Lawton, Oklahoma – Seizing opportunity

September 20, 2020
Lawton Oklahoma sunset

Lawton, Oklahoma

Seizing opportunity


Lawton is a city in, and the county seat of, Comanche County, located in southwestern Oklahoma, about 87 miles southwest of Oklahoma City, along Interstate 44. Lawton was founded on August 6, 1901, and was named after Major General Henry Ware Lawton, a Civil War Medal of Honor recipient killed in action in the Philippine–American War. Lawton’s landscape is typical of the Great Plains, with flat topography and gently rolling hills, while the area north of the city is marked by the Wichita Mountains and Mount Scott, the region’s most prominent geological feature rising to 2,464 feet.

In 1998, Lawton annexed a portion of nearby Fort Sill, an active U.S. Army installation that was originally established in 1869 for stationing cavalry troops during the Indian Wars. Today, Fort Sill hosts the U.S. Army FIRES Center of Excellence, which integrates field artillery and air defense artillery, as well as the Army Targeting Center. As Lawton’s largest employer, Fort Sill contributes significantly to the economic activity in the region, with over 5,000 full-time employees.

Other major employers in the area include Goodyear Tire and Rubber Company, Lawton Public Schools, Comanche County Memorial Hospital, Southwestern Hospital, Republic Paper, Silverline Plastics, Bar-S Foods, Cameron University, and Great Plains Technology Center, as well as the City of Lawton. With Western influence, Native American roots and a large population of veterans and military dependents, the community is uniquely diverse. It is considered the “Hub of Southwest Oklahoma” and community leaders share a common goal in creating leadership and opportunity for the region.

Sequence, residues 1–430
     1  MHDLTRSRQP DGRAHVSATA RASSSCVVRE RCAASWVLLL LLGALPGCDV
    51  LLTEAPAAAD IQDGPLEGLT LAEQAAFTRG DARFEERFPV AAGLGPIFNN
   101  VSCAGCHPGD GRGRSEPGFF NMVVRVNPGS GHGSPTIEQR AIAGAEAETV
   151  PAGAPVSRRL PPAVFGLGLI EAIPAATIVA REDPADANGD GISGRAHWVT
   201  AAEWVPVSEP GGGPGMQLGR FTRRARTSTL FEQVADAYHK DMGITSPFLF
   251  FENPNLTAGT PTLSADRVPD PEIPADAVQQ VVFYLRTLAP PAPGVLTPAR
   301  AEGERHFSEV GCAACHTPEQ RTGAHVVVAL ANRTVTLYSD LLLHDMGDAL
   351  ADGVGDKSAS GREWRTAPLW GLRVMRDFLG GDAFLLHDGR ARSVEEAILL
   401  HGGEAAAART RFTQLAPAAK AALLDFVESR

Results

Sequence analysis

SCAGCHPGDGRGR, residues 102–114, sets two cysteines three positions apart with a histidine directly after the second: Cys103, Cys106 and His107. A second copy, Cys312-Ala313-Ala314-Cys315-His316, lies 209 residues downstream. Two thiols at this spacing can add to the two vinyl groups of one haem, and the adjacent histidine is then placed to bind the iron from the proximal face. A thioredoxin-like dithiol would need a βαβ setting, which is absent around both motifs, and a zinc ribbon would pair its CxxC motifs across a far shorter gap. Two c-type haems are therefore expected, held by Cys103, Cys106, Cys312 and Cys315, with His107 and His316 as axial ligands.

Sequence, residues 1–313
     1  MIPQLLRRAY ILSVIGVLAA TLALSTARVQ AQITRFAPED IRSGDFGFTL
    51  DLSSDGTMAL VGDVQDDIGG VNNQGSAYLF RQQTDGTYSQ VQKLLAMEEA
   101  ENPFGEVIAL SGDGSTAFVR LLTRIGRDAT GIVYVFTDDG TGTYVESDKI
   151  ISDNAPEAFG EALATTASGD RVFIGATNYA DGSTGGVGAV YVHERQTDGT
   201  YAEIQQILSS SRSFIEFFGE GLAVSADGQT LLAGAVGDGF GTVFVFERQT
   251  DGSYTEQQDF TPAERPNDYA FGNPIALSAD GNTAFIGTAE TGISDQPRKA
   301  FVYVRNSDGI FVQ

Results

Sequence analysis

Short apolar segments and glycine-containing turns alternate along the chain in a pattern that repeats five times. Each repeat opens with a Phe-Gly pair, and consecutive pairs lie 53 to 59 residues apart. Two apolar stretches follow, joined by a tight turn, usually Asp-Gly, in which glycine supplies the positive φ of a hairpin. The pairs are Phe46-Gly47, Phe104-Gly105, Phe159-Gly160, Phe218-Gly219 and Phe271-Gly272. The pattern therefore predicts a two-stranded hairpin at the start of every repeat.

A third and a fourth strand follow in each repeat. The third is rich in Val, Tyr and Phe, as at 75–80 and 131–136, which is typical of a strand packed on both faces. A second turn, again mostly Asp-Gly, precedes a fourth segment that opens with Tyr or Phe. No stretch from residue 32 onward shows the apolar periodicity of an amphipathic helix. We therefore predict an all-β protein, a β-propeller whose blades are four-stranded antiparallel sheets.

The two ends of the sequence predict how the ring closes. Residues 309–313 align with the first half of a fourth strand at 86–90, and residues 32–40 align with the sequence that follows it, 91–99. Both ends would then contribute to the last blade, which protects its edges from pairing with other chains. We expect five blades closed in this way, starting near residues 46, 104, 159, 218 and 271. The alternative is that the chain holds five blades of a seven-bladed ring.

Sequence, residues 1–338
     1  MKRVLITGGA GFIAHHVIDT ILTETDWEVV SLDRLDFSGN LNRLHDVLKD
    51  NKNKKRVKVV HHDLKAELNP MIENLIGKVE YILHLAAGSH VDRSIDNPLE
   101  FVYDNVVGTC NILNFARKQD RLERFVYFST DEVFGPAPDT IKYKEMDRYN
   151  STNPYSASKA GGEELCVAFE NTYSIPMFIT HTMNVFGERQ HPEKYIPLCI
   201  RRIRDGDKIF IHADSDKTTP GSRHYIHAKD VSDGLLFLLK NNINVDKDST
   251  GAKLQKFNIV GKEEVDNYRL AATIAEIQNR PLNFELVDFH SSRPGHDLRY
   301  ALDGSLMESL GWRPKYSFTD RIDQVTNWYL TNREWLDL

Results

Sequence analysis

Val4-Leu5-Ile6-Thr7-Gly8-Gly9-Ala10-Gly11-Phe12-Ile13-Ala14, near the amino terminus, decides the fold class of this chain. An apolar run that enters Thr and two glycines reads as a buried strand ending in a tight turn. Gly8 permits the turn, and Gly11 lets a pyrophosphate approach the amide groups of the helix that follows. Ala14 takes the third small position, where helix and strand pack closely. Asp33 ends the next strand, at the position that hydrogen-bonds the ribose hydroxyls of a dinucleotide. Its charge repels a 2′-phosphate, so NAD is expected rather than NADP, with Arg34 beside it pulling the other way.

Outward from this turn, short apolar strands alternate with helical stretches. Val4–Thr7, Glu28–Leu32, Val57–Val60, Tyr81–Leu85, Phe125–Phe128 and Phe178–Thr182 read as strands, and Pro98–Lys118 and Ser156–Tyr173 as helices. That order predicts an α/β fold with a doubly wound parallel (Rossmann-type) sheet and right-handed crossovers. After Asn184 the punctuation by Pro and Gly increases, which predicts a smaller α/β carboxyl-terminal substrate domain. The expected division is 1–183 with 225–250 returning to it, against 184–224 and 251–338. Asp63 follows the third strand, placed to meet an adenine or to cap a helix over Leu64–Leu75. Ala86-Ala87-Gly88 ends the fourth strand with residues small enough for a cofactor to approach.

That common goal has led to several milestone achievements this year, to include the passing of a 14-year Capital Improvement Plan (CIP) in February and the recent implementation of the FISTA (Fires Innovation Science and Technology Accelerator) program, both of which will benefit the Lawton community for years to come. “A good long-term plan is a road map to get you where you know you are; to heights you never thought you could achieve,” says Lawton Mayor Stan Booker.

The City of Lawton has tapped into its strong relationships with Fort Sill, the Great Plains Technology Center, and Cameron University in its creation of the FISTA, which will be managed by a newly formed trust authority and targets taking advantage of local opportunities for investment in industrial development and high tech job creation.